“What he’s trying to do is make the most of the limited time we have out there. If you only have one group going, half the team is watching,” said second-year quarterback Tim Boyle, who was the third-stringer last year behind starter Aaron Rodgers and backup DeShone Kizer. “Anytime you can get as many reps as possible, it’s awesome for the quarterbacks.”

Typically, during a 10-snap team period in training camp, the starting quarterback takes five snaps, the backup gets three, and the third and fourth quarterback get one apiece. With LaFleur’s approach, not only do Boyle and No. 4 quarterback Manny Wilkins get more turns, but when the players watch film with their coaches after practice, they can compare what they did on the play with what Rodgers did while running the same play with the starters.

“It definitely gives them a lot of reps,” Rodgers said. “For me, it was always about taking the mental rep when I wasn’t in. (But) I like it. It’s good. You can marry up concepts and for those groups, if one group did it bad, you can kind of watch what it’s supposed to look like compared to maybe what it looked like on the other side.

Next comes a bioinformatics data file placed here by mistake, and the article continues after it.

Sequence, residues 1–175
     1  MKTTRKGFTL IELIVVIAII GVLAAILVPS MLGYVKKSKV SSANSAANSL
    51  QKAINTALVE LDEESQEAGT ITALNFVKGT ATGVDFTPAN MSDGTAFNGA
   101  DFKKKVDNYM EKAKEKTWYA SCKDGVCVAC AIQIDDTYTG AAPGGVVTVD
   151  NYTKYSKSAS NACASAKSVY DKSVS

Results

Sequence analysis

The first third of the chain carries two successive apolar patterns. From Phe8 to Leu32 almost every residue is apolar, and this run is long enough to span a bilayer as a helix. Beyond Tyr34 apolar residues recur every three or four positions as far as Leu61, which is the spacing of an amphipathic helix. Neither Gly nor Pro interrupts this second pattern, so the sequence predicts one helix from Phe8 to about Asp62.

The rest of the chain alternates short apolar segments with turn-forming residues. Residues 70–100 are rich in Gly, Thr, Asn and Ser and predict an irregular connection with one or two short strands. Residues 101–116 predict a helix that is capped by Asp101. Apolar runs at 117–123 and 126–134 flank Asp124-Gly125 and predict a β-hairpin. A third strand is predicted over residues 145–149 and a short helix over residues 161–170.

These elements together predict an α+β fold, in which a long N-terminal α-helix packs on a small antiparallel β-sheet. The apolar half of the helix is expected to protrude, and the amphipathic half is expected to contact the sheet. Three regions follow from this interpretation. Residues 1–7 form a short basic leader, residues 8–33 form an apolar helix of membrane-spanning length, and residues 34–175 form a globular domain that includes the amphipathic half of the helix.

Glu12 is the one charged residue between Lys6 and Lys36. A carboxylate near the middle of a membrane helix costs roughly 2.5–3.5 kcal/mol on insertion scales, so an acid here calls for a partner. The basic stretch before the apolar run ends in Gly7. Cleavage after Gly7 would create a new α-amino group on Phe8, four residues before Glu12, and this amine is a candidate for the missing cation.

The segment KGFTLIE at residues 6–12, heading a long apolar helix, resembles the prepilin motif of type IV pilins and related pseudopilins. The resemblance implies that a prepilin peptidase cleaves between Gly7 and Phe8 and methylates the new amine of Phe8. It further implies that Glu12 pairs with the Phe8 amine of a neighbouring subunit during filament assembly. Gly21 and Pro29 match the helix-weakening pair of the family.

“But it’s really good for a guy like Manny, who’s not slated in a normal (offseason) practice structure where you’re going 3-3-3 with 1s, 2s and 3s, to get any reps. Now he goes over there and gets a decent amount of reps. I think it’s important for those guys and for the young guys to be able to watch their own film and then see what the first group is doing.”

Another way LaFleur tried to do more with less: In one quarterback drill, the quarterbacks first work on their handoffs to running backs, then roll out and are tossed a second ball, which they catch and throw on the run to get an extra passing rep in.

“It’s a way so you’re both getting your footwork, your handoff, your ball security with the running back and then you’re turning it into a (quarterback) keeper. So now the guy gets the ball as if he was faking it and running a keeper,” Getsy explained. “Again, there’s always purpose to what we’re doing — kind of killing two birds with one stone within one drill.”